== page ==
Tanya Blazewicz

Tanya lives on Kaurna land in South Australia with her partner, and pets. She is a huge Adelaide Crows fan, with membership to both the Men’s and Women’s teams. Tanya describes her lived experience with suicide crisis/distress as ongoing, she still lives with what she calls a ‘suicidal part’. When this part of her gets loud, Tanya has learned to treat herself compassionately, and escape into nature. Living on the coast helps with that, as does taking regular camping trips and going hiking – all things she likes to do regularly.

A suicide survivor, Tanya has survived her own attempts and has lost loved ones to suicide. In 2016, after finding that the mental health system was in need of repair, Tanya joined a local consumer & carer group and started her advocacy journey. She has since obtained her Cert IV in Mental Health (Peer Work) and used her lived experience to support others through crisis. In 2020 Tanya led the Learning from Lived Experience (LfLE) suicide prevention project at SA Lived Experience Leadership & Advocacy Network (LELAN). This project amplified the lived experience insights and solution ideas of more than 100 people with a lived experience of suicide, crisis/distress. You can read more about it here: www.lelan.org.au/carenottreatment . Involvement in the Lived Experience space and especially in advocacy has helped Tanya find a sense of community and purpose – ultimately making life worth living.

Tanya’s motivation to be a member of the Lived Experience Panel for Suicide Prevention Australia is to continue to help amplify the voices of people with a lived experience – and ensure lived experience is included at every level of suicide prevention. This comes from her own experiences of feeling unheard, or silenced within the mental health system. There is a sense of validation and freedom in having your voice heard, but more than that, the vulnerability in sharing your story builds connection. The hope and purpose that Tanya has gained from the lived experience community can not be understated.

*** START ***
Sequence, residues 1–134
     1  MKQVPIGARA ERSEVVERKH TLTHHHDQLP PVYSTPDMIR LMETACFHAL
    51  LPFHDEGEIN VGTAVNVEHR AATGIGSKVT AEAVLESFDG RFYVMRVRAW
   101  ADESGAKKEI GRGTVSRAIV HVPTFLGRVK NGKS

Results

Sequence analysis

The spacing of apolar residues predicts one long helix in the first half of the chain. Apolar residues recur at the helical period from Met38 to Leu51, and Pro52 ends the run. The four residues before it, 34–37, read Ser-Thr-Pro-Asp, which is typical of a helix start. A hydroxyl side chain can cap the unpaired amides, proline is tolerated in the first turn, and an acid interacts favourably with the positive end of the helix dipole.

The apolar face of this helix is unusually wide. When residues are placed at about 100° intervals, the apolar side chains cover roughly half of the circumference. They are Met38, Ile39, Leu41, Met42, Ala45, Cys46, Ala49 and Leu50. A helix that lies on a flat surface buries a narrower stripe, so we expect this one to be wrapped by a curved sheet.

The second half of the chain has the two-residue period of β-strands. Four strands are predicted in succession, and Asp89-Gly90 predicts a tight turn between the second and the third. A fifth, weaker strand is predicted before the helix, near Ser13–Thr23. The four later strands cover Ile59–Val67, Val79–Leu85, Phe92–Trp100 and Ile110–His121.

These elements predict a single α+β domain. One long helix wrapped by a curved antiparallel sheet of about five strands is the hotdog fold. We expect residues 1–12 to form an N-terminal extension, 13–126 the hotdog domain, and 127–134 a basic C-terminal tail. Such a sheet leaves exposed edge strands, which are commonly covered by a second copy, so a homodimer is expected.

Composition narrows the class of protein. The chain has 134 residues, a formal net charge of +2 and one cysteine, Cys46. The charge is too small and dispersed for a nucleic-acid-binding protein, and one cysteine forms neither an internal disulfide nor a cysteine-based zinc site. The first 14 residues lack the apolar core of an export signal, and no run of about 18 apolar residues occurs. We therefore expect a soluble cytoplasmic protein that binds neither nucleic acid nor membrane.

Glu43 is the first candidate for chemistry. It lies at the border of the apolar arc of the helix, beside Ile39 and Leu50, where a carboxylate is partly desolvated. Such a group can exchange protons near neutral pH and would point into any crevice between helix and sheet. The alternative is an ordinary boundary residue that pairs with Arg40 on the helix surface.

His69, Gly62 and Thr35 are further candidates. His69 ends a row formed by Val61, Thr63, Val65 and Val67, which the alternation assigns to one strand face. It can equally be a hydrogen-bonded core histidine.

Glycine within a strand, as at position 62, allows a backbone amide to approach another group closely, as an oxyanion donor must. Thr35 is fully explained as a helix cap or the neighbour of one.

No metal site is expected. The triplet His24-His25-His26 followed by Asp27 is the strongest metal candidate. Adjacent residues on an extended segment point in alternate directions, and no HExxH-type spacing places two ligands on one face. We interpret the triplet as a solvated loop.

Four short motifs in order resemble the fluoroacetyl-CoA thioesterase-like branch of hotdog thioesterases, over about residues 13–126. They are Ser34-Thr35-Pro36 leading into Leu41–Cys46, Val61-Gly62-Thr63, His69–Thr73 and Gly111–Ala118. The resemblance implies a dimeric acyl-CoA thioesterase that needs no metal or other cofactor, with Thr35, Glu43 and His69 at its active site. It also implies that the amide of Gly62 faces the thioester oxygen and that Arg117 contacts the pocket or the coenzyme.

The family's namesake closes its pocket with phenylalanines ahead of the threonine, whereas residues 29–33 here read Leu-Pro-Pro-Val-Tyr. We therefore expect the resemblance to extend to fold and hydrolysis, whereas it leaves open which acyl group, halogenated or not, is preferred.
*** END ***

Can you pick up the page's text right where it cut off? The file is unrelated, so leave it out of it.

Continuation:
The message of hope that she would like to offer others is:

“I was once in a mental health ward after surviving an attempt, and the weather outside the ward matched my mood at the time. It would not stop raining. For days on end the skies were grey and it bucketed down. Then one day, the clouds parted and just for a short time – not even half an hour – sun shone down and warmed my skin. I sat outside and bathed in it, enjoying every moment. And then I realised that if 30 minutes of sunshine could make up for weeks of gloomy weather, so too could a moment of happiness. So I stopped chasing perpetual happiness, stopped hoping to feel good all the time. Instead, I started looking for sunshine moments – however brief – and started finding reasons that life was worth living again.”